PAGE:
466121615-male-lawyer-with-documents-in-meeting-gettyimagesWhile it is possible to file for divorce in Minnesota on your own, without legal representation, it can be difficult to manage, not only legally but also emotionally. Here are some reasons to have an attorney and NOT try and represent yourself:
  • When you represent yourself, you are unable to be objective. It is hard to weigh the options and make decisions in your own best interest if you are alone.
  • While you may save in attorney’s fees, as a novice in the legal arena, you do not know what it means to file a pleading or handle a case. You may also not know that you have other options on process – a collaborative divorce or mediation may provide better outcomes.
  • When you represent yourself, there are held to the same standard as all other clients. This means that the court will have the same expectations of you as it would of a licensed attorney representing a client.
  • If there are any contentious issues, such as parenting differences, safety concerns, or financial matters, it may be important that you have the best knowledge and skills available to make sure that your needs are addressed.
Most lawsuits never go to trial; however, this does not mean that the resulting settlements are easily reached. In divorce proceedings, an experienced attorney can help you understand your process options. Collaboration may mean there is less times spent in court and more agreeable final terms.
533297511-stock-market-chart-gettyimagesThere was an interesting article in the New York Times regarding divorce statistics. It theorized many different reasons the divorce rate seems to be decreasing in the United States. Perhaps, the economic downturn has caused couples to stay married longer rather than incur divorce costs? People may be getting married less. The author suggested that perhaps certain states or counties skewed the national data, however, state-by-state and county-by-county analysis seems to imply that the divorce rate is dropping nation-wide. In reality, it does seem like the divorce rate is dropping Another divorce statistic that is often discussed is the rate of divorce in second and third marriages being significantly greater than first marriages. Like the drop in divorce rate overall, there is not necessarily an explanation for the statistics but rather a reporting of them. One potential reason for the increased divorce rate in subsequent marriages is that the later marriages are entered into without as much due diligence. People rush into later marriages for the companionship. Another theory suggests that subsequent divorces are “easier” and less daunting because the individual has already survived a divorce. Regardless the reason behind divorce statistics, the facts remain. If you are going through divorce, however, the statistics don’t mean much. Your personal experience is all that matters and knowing your options – collaborative divorce and other alternative dispute resolution processes – can help you survive and thrive through a divorce.
Most of my work as a lawyer involves representing clients in Collaborative divorces, and most of those cases involve the use of neutral experts to advise the couple on finances, child development, and communication/relationship dynamics. The idea is to provide them the best professional information in a non-adversarial setting so that they can make well-informed choices when resolving their divorce issues. Very often, the first of these professionals a couple visits will be their neutral coach/facilitator, whose responsibility, if hired, (among many others) will be to help couples appreciate where their communication styles get in the way of decision-making. I’m fortunate to have some wonderful professionals available to serve my clients in that role. In recent years, the coach I work with most often is Lee Eddison, someone who embodies the art of compassionate listening, but who doesn’t hesitate to call a spade a shovel after more nuanced attempts at guidance have been unavailing. One of the assessment tools she uses is to ask each member of the couple to say three positive things about their spouse’s parenting ability. “He doesn’t suck,” doesn’t count, either. She knows that if someone can appreciate a positive contribution to the family made by someone they dislike, there’s an excellent chance they can have an interest-based conversation en route to a resolution. That’s not to say there aren’t other bumps in the road, or good reasons to end the intimate partnership. But the ability to appreciate that duality in their partner at a time when it counts–when you’d least like to–gives that appreciation a power and a significance it won’t have later. It has proven to be a fair bellwether of success in a Collaborative process. Very few individuals who go through a divorce are all good or all bad. There’s a saying in the court system that “In criminal cases, we see bad people at their best, and in family cases we see good people at their worst.” It’s a sound bite, of course, but it’s often true. For divorcing couples who can appreciate the good things their partner has contributed, the chances of escaping the not-so-good parts without making it worse are much higher.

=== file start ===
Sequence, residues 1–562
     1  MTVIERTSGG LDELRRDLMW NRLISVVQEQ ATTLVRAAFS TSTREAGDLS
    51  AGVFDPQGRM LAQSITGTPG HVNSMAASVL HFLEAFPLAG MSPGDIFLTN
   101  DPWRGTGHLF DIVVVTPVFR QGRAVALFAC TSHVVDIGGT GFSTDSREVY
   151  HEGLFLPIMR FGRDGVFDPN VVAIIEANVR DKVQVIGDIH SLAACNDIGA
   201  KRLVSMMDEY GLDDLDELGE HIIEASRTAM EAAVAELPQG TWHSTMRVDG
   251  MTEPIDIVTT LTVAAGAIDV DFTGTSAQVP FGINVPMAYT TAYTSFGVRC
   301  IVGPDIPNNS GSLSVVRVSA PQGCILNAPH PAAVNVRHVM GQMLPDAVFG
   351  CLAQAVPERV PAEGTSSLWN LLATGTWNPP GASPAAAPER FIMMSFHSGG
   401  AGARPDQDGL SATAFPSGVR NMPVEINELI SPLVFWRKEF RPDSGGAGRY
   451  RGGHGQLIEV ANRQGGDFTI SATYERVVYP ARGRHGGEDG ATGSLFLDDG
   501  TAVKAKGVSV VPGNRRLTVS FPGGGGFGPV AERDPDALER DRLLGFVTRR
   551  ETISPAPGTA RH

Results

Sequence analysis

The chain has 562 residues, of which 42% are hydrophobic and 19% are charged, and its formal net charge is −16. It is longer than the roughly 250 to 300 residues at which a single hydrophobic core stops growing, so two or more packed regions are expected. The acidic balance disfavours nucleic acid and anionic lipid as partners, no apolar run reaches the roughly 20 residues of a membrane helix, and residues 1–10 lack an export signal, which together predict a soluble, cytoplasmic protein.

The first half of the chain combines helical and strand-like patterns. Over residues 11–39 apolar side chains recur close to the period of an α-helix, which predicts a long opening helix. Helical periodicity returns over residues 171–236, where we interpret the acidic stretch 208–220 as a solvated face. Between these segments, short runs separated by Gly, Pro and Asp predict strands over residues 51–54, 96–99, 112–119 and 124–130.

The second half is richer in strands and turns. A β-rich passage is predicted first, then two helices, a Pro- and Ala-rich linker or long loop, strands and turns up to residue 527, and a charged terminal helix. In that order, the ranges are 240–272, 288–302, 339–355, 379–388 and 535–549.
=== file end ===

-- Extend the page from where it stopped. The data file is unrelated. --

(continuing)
157522978Collaborative law is a world-wide phenomenon. Although the process originally started in Minnesota, it has now spread throughout the world.  Over the past few years, I have had the privilege of getting to know collaborative professionals from Europe, South America, Australia, and Africa. Collaborative law happens all over the world. I often find myself meeting with new potential clients and discussing the benefits of collaborative divorce. I differentiate this process from an adversarial, court process. Most importantly, I try and help potential clients understand the simplest, most elegant aspect of collaborative divorce – it just works. In many aspects of life, we try and find the “special sauce.” How do we articulate, put to words, the essence of collaborative law? What is it about collaborative law that has made it a world-wide phenomenon? Allowing clients to maintain control of the process and work in a respectful manner to find mutually-agreeable resolutions are the key tenants. But why does it work? I think the essence of collaborative law supersedes culture and language. It works all over the world because people genuinely want it to work. People want to maintain control of their family and lives after divorce. People want confidentiality and full disclosure of information, but don’t want to incur extraordinary expense. People also want a respectful process and want to maintain their own integrity throughout. Some people ask why collaborative law works? I think it makes more sense to state that collaborative law does work. In fact, it works all over the world.